Ghana’s DQL Exposes Gov’t “Commitment” to Digitization: Ranked 79% Scantily

It’s time for Ghana to rekindle its digital spirit and surge ahead. In an age where the world is increasingly becoming interconnected through technology, Digital Quality of Life (DQL) is emerging as a critical benchmark for assessing a nation’s progress.

Ghana’s Digital Quality of Life does not match its economic progress. According to the 2023 DQL Index by Surfshark, a cybersecurity company, Ghana ranks 96th out of 121 countries in terms of its digital well-being, representing 79% poorly. This is a drop of eight places from last year when Ghana ranked 88th.  DQL Index measures five core pillars of digital quality of life: internet affordability, internet quality, e-infrastructure, e-security, and e-government. This alarming drop should serve as a wake-up call for the nation.

Internet E-Infrastructure: 108th Ranked

Ghana faces challenges in all five pillars, but especially in e-infrastructure and internet affordability. Ghana ranks 108th in e-infrastructure, which assesses the availability and quality of digital public services, such as health, education, and transportation. Ghana’s e-infrastructure score is 31% lower than the global average. This means that many Ghanaians lack access to essential online services that can improve their health, education, and mobility.

Internet Affordability: 103th Ranked

Ghana also ranks 103rd in internet affordability, which measures how much time an average person has to work to afford internet access. Ghana’s internet affordability score is 40% lower than the global average. Ghanaians have to work 15 hours and 18 minutes a month to afford fixed broadband internet and 2 hours and 39 minutes a month to afford mobile internet. This is much higher than the world’s most affordable countries, such as Romania and Luxembourg, where people only have to work 18 minutes and 16 minutes a month respectively to afford fixed and mobile internet.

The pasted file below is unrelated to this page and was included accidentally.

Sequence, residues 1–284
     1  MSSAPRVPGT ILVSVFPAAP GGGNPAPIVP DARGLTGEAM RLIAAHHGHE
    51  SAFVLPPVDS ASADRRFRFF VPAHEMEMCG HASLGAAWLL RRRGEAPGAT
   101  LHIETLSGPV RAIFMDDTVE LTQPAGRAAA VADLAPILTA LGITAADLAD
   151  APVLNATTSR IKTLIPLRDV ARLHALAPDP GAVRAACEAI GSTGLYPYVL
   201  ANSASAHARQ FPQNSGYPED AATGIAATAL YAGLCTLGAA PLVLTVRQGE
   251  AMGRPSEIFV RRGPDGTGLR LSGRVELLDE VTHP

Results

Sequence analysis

Internet Quality: 15% Ranked

Ghana’s low internet affordability is partly due to its low internet quality. Ghana ranks 86th in internet quality, which evaluates the speed and stability of both fixed and mobile internet connections. Ghana’s internet quality score is 15% lower than the global average. Fixed internet averages 58 Mbps in Ghana, while mobile internet averages 15 Mbps. These speeds are far below the world’s fastest countries, such as Singapore and the UAE, where fixed and mobile internet speeds are over 300 Mbps.

E-Security: 83rd Ranked

Ghana performs better in e-security and e-government but is still below the global average. Ghana ranks 83rd in e-security, which measures how well a country is prepared to counter cybercrime and how advanced its data protection laws are. Ghana’s e-security score is 9% lower than the global average. Ghana has some data protection laws in place, such as the Data Protection Act of 2012, but they are not fully enforced or updated. Ghana also faces cyber threats from hackers, scammers, and fraudsters who target individuals and businesses online.

E-Government: 89th Ranked

Ghana ranks 89th in e-government, which examines how transparent, accessible, and user-friendly a country’s online public services are. Ghana’s e-government score is 14% lower than the global average. Ghana has made some efforts to digitize its public services, such as launching the portal in July 2021 to provide a single platform for citizens to access various government services online. However, Ghana still lags behind in terms of online participation, open data, and digital inclusion.

The Importance of Digital Quality of Life

Digital quality of life, as measured by Surshark, encompasses various aspects of a nation’s digital landscape, such as internet access, affordability, speed, and digital literacy. In today’s world, these factors are no longer just conveniences but essential tools for economic growth, education, healthcare, and social progress. A high digital quality of life signifies a nation’s readiness to compete in the global digital economy.